FALL RIVER, Mass. -- Charlie Saliby and his family, who own Guimond Farms in Fall River, are fighting a cigarette war of sorts--one that hasn’t officially started in Massachusetts but is hovering on the horizon, according to a report in the Herald-News.
When the Salibys’ store began struggling a few years ago, they expanded its offering by obtaining a beer and wine license. Two years ago, the store added a full alcohol license. The family also owns a laundromat next door.
One of its largest investments came recently in the form of two high-tech “roll-your-own” cigarette machines that allow smokers essentially to buy less-expensive pipe tobacco and cigarette rolling papers, and rent the machine. The investment cost $32,500 for each machine, Saliby said.
“When the price of cigarette packs went up,” Saliby told the newspaper, “customers started buying loose tobacco rolling tubes and rolling their own cigarettes at home.”
Then the federal tax on cigarettes increased from 39 cents to $1.01 a pack. And Massachusetts’ taxes jumped $1 to $2.51 in 2009, making it one of the highest-taxing states, according to the report.
Meanwhile, 8-ounce packages of pipe tobacco are taxed at a fraction of cigarette tobacco packs the past two years, according to published reports.
Saliby sells those products, including machines that roll individual cigarettes for $40 to $50.
For the person needing to roll a pack or two daily, that can take a long time, typically upwards of two hours to roll the 10 packs that come in a carton.
Using the RYO machines that are available at 1,700 retail outlets and 40 states across the nation, a customer can produce 200 machine-rolled cigarettes in 10 to 15 minutes, Saliby said.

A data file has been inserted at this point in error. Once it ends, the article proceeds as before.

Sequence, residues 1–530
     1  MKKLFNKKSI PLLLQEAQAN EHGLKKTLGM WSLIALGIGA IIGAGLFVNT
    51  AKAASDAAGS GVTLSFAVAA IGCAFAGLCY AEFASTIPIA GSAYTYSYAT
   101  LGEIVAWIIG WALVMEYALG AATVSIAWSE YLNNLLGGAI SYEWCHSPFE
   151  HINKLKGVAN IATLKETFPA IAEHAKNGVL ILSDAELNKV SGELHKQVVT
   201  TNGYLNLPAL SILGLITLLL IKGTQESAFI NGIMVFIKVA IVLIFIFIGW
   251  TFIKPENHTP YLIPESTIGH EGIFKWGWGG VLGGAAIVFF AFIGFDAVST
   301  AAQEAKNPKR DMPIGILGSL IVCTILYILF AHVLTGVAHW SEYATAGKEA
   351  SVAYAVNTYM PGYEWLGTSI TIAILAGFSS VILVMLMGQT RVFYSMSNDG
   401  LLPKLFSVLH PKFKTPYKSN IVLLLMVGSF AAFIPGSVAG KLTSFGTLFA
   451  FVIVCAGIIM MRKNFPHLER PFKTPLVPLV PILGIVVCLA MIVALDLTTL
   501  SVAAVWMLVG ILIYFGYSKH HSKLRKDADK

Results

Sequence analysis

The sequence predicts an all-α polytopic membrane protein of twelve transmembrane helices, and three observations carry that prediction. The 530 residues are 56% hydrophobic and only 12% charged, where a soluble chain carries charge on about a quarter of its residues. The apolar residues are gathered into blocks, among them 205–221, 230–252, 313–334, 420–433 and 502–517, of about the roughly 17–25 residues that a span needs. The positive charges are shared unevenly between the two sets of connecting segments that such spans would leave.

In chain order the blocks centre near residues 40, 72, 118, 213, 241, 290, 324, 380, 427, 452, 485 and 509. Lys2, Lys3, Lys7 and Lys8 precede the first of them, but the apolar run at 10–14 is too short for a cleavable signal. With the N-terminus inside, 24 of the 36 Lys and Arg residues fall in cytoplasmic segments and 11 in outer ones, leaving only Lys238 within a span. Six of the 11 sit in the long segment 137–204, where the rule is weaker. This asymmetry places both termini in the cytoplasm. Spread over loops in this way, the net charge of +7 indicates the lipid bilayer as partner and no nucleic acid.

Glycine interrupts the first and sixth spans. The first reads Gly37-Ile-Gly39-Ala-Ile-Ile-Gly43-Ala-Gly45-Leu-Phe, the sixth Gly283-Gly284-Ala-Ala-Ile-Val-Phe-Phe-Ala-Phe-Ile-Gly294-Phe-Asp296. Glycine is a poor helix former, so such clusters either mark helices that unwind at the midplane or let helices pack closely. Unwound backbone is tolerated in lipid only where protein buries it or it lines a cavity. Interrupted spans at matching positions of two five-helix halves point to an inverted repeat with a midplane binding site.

At about $3 for 20 cigarettes, the number in a pack, it’s less than half of what most manufactured cigarettes cost, Saliby said.
But Saliby has reason to fear the word “manufacture,” based upon what regulators are doing in other states and overtures from the Massachusetts attorney general’s office and federal initiatives.
“They’re trying to say people using the machines are manufacturers,” Saliby told the newspaper. He emphasized that customers operate the store’s RYO machine as they would at home using smaller, personal, roll-your-own machines.
Retailers like him and marketers and lawyers involved with the RYO machines have been gearing up for battle over the past couple of years.
According to Bryan Haynes, attorney for RYO Machines in Richmond, Va., the U.S. Tobacco Tax and Trade Bureau of the Treasury Department issued a significant ruling on Sept. 30, 2010.
“They said any business offering these machines in a retail store for consumers to produce their own cigarettes, they have to obtain a permit … in order to allow consumers to rent the machines,” Haynes told the newspaper.
It would be the same costly permit a manufacturer such as Philip Morris or R.J. Reynolds needs to obtain.
In late 2010, lawyers for RYO Machine obtained a temporary restraining order, then an injunction, in Girard, Ohio, stopping the federal mandate, Haynes said.
Still, Haynes said there have been court cases in a half-dozen states, one in New Hampshire that went to the Supreme Court and favored the state being able to collect cigarette taxes on an RYO machine owner.
“The machines are becoming more and more popular,” Saliby said.
He said at his store, open seven days a week, there are 25 to 35 customers daily, more on weekends, using the machines. He’s added a couple of employees, bolstered by increased tobacco and other sales, he said.
“I got these machines to give my customers an alternative to rolling their own cigarettes at home,” he said.
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